budge adj

budge adj [Cf EDD budge adj.2 “Gay, brisk, jocund”] chiefly NEng ?obs

Intimate, cozy.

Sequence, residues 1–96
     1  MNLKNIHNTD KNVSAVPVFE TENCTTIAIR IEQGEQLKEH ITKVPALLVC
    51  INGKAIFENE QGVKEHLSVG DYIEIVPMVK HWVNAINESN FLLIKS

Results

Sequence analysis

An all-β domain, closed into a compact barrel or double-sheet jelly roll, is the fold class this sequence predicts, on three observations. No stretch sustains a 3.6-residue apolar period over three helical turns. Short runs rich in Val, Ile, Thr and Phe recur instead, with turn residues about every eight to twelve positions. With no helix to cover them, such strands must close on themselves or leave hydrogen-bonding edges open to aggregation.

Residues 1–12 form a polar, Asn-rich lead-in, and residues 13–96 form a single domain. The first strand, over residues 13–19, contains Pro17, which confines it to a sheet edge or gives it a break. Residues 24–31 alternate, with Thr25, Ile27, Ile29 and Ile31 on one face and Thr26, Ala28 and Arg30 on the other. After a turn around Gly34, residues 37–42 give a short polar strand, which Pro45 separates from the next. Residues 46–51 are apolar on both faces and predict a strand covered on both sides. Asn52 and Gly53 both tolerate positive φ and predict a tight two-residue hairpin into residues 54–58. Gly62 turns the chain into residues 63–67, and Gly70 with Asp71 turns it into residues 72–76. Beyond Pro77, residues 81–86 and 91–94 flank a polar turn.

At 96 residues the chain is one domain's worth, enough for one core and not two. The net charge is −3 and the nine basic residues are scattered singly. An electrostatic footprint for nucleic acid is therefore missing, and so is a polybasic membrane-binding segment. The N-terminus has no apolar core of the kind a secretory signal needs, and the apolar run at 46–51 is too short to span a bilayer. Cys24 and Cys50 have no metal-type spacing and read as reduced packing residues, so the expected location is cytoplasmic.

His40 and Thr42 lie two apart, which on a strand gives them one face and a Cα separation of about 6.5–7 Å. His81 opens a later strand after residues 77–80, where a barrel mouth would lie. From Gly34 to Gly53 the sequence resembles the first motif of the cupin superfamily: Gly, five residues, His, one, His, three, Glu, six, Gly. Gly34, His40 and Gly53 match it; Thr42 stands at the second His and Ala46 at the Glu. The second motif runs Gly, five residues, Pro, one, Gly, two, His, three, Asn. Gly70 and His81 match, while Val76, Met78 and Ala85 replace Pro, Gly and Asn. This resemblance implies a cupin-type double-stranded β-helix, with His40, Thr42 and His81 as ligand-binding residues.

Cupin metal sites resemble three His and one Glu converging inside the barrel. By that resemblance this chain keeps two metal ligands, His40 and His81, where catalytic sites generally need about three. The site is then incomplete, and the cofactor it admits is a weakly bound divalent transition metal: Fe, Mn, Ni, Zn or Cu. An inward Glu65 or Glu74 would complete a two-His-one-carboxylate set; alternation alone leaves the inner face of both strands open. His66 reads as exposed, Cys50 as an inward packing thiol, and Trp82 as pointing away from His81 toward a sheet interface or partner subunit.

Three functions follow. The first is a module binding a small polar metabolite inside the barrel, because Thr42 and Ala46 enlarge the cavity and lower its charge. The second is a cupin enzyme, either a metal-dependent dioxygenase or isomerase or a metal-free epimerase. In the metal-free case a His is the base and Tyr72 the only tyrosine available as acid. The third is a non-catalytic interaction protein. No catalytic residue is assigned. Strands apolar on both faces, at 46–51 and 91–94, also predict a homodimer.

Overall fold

1833 Daily Natl. Intelligencer (DC) 8 July [3]/1 (newspaperarchive.com) ME, Jack . . said he had warned “the Gineral,” but it made his heart ache to see the old man so budge with H. G. Otis and Tom Perkins and Bill Sullivan. 1869 Lippincott’s Mag. Lit. Sci. Educ. 3.314 sNJ, “Budge,” for “intimate”—“She and your sister are quite budge.” 1890 DN 1.18 seNH, Budge: intimate, familiar. ‘To be very budge with a person.’ Hilarity seems not to be implied. Ibid 77, Budge. . . Common in Saco, Me. Noticed from 1864 to 1868 by Professor B. I. Wheeler. 1892 DN 1.214, Budge. . . “Common in Boston in my youth.” 1921 Harper’s Mth. Mag. 142.802 NEng, There is a word used in New England in a sense that is unique. . . This is the word “budge,” as an adjective meaning “snug” or “cosy.” One of my New England friends exclaimed, as we sat before her cheerful fire on a cold night, with cider and doughnuts at hand, . . “Oh, aren’t we budge tonight!”